Valley Breeze

The Valley Breeze Woonsocket North Smithfield 12-06-2018

The Valley Breeze Newspapers serving the Northern Rhode Island towns of Cumberland, Lincoln, Woonsocket, Smithfield, North Smithfield, Pawtucket, North Providence, Scituate, Foster, and Glocester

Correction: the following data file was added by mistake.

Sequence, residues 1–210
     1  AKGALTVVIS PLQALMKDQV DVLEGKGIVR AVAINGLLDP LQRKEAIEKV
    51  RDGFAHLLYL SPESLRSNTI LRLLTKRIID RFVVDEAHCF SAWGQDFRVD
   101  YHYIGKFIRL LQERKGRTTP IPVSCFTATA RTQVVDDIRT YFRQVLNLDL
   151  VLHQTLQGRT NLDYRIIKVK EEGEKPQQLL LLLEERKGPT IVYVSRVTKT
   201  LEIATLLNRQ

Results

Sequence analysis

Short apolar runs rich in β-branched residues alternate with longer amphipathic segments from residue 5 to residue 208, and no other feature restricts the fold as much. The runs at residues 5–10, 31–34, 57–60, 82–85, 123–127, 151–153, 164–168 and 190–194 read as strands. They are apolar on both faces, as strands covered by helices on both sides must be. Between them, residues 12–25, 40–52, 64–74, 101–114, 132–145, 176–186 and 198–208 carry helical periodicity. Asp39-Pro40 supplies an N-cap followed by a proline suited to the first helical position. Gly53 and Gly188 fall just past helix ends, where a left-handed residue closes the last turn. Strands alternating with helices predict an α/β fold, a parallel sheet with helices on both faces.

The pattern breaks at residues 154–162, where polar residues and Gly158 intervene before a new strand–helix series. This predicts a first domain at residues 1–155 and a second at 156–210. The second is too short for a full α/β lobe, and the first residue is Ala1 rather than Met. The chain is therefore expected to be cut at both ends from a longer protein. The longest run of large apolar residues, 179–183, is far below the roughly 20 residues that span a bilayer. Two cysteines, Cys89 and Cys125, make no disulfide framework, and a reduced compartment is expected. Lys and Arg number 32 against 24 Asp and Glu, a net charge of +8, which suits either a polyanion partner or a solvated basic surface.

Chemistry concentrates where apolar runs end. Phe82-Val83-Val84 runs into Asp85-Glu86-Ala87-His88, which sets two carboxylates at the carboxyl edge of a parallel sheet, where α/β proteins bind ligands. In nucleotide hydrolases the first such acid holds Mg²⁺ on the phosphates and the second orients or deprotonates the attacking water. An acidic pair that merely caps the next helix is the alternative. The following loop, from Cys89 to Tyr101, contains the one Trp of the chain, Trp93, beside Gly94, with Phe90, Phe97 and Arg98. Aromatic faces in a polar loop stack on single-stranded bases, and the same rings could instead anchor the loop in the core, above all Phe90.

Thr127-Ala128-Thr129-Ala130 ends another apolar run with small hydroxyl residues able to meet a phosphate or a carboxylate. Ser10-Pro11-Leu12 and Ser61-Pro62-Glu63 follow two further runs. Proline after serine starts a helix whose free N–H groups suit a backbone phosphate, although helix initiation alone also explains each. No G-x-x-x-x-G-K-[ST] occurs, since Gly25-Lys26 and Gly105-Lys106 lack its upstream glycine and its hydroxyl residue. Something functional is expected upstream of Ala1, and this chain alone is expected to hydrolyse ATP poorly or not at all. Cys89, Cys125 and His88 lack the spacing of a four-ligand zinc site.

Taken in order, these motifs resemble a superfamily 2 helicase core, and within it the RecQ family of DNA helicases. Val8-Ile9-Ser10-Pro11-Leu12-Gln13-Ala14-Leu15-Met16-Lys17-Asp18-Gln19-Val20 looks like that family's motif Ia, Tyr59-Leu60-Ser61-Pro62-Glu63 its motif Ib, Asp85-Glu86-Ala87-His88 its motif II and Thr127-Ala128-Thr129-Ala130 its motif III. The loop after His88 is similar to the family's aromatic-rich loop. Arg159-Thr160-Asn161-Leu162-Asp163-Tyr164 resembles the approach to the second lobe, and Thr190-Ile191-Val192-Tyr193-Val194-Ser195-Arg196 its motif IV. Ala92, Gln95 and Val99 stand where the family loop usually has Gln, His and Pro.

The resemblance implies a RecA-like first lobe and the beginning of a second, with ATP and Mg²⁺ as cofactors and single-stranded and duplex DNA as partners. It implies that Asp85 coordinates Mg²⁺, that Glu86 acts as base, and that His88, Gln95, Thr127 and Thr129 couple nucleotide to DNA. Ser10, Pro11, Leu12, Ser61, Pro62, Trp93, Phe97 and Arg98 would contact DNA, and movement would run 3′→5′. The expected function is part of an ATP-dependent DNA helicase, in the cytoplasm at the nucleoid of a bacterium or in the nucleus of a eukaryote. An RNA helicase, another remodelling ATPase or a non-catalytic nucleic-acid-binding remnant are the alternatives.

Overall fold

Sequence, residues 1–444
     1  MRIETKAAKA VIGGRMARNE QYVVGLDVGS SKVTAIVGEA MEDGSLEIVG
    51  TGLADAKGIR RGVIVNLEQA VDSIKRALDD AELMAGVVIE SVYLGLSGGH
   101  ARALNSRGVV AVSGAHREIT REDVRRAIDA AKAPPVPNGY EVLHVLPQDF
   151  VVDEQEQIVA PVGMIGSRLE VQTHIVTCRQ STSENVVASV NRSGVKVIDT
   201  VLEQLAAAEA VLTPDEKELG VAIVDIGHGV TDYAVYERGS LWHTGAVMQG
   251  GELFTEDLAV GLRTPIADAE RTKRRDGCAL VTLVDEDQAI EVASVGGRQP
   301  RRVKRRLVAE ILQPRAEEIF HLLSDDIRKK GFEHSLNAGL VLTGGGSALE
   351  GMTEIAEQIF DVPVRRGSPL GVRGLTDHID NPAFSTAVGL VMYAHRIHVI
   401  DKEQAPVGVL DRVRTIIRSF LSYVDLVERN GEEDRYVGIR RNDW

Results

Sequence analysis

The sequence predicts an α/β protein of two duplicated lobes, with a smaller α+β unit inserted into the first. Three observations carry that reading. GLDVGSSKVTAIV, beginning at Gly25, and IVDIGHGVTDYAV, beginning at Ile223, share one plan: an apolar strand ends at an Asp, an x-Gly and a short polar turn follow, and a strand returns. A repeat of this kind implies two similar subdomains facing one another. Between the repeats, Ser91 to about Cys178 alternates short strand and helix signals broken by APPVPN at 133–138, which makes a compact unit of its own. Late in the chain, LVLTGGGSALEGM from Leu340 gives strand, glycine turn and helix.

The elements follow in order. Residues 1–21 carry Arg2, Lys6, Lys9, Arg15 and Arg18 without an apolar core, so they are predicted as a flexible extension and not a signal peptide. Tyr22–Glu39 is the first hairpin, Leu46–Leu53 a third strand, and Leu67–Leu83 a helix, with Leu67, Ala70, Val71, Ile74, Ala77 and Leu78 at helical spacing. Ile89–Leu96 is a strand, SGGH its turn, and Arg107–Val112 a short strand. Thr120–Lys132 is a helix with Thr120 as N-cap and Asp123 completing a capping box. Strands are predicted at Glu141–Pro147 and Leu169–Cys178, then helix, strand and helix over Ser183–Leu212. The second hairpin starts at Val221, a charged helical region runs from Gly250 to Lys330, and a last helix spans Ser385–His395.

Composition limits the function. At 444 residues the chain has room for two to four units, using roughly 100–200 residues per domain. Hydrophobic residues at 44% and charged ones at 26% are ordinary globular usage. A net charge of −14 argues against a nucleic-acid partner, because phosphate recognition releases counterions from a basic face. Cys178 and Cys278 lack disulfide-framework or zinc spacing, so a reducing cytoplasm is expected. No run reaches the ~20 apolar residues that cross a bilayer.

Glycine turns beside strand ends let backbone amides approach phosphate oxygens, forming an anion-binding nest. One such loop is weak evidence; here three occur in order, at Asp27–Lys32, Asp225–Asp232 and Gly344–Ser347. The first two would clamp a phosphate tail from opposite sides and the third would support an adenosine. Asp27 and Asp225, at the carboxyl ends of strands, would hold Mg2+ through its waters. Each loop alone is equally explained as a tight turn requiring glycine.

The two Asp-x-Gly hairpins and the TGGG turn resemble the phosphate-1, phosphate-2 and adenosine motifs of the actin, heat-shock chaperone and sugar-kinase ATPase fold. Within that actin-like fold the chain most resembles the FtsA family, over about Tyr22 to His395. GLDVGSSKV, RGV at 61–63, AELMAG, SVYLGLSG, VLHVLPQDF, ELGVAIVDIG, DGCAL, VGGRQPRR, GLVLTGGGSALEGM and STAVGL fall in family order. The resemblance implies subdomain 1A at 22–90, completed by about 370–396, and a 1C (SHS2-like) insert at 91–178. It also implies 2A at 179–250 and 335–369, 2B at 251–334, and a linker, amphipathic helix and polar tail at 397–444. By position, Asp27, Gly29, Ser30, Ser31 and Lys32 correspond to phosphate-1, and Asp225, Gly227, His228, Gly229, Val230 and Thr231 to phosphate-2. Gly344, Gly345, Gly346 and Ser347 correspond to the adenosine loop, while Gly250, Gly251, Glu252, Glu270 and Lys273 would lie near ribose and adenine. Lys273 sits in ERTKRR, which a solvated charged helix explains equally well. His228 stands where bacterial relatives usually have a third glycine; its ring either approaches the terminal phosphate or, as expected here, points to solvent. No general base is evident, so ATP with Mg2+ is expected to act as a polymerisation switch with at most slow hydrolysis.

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NORTH SMITHFIELD BLACKSTONE WOONSOCKET EDITION | VALLEY BREEZE | DECEMBER 6-12, 2018 THE VALLEY 13 Patrolman MICHAEL AKINROLA was sworn into the ranks of the North Smithfield Police Department by Town Administrator Gary Ezovski last Wednesday, Nov. 28, at police headquarters. Akinrola graduated from Woonsocket High School, where he was a star basketball player and attained All-State hon- ors. He went on to earn a Bachelor of Science degree in Criminal Justice from Rhode Island College, where he was a four-year mem- ber of the Anchormen Basketball Team. In 2018, he graduated from the Rhode Island Municipal Police Academy. He will be assigned to a Field Training Officer (FTO) for approximately 10 weeks. New officer Local author publishes sixth novel CUMBERLAND – The transition from corporate leader to best-selling author was somewhat of an accident for Cumberland resident Julien Ayotte, who said he hardly expected to spend the last six years of his life writing nov- els. "I just picked up a pen one day and started to write," he said. It was 1987 when he began his first thriller/mys- tery novel, "Flower of Heaven." More than a decade later, Ayotte would stumble upon the unpublished manu- script shortly after he retired from a Worcester-based law firm. "I had about 15 chapters done. I was going to throw it away," said the Woonsocket native, but he felt com- pelled to finish. The award-winning novel published in 2012, followed by a sequel "Dangerous Bloodlines," a story about an affair between a priest from Lincoln and a young woman from Paris whose twin sons wind up at the center of a murderous plot. In his 2016 novel "A Life Before," Ayotte explores radon poisoning and (spoiler alert!) reincarnation, weaving the two concepts together to create a suspenseful story about the unsolved murder of the wife of a Rhode Island lawyer. "How in the world do you match radon to reincarnation?" Ayotte asked, recognizing his propensity for mak- ing unusual connections in his literary work. "No one, to this day, has guessed the ending of the book." Last November, Ayotte published "Disappearance," a novel he describes as being about the witness protection program and "what could possibly go wrong" when a breach in the system leaves two wit- nesses dead. The fictional agent investigat- ing the leak is a former F.B.I. agent from South County. Asked what inspires his out- of-the-box ideas, Ayotte said, "My wife thinks I'm nuts. These stories are all bottled up in me and have been for years." Once inspired, he takes it "one chapter at a time," sitting down in his Cumberland living room with a pad of paper. "I don't have a clue as to what hap- pens in the next chapter until I start writing it. It's like a car in idle, and all of a sudden you get a green light and you're off like lightning … you just need enough green lights to finish the book," Ayotte said. His wife is the first to read all of his novels, which are then edited and critiqued by his three adult children. This December, the soon-to-be 77-year-old author will publish his sixth novel in five years, a historical fiction book called "Code Name Lily." The novel, based on a true story, centers around Micheline "Michou" Dumon, a young nurse using the code name Lily who risked her life to help save hun- dreds of airmen from the Nazis during World War II. Ayotte learned about "Lily" when he read her obituary in the newspaper last December. It was the first of countless articles and excerpts he would come to read about the woman from Belgium, who had served as a member of the Belgian resistance during World War II with the Comet Line, a civilian-run group that helped Allied soldiers and airmen escape enemy territory. "Everyone had written about her here and there in excerpts, but there was no book about her," said Ayotte, whose own mother was from Belgium and nicknamed Lily. "I knew I had to write this book." Dumon joined the Comet Line in 1942 after her parents and sister were arrested and deported by the German Gestapo for their work to subvert the Nazis. She proceeded to personally help more than 250 airmen escape from Belgium through France and over the Pyrenees Mountains into Spain. "She would find out about a downed airman who had parachuted into Belgium, clothe him, feed him, tend to his wounds, provide him with a false identity card and personally take him over the mountains to Spain," Ayotte said. "She was extremely clever and persuasive and would outsmart the Nazis time and time again." "Code Name Lily" is Ayotte's first foray into historical fiction and is the most researched of his novels. "This was the toughest book I've ever had to write, but it's the one closest to my heart," he said. "Code Name Lily" is available in both print and digital format in stores or online, He will be signing and selling his books on Dec. 16 from noon to 4 p.m. at the Bocce Club Restaurant in Woonsocket. By NICOLE DOTZENROD Valley Breeze Staff Writer AYOTTE Are you living with Celiac Disease? The ReseT CeD Study is for adults at least 18 years of age who have been diagnosed with Celiac Disease (CeD). There are currently no medical treatments or cures for celiac disease. Volunteers are needed for participation in this research study. For more information, please call our staff at Ocean State Clinical Research Partners at 401-475-7007.

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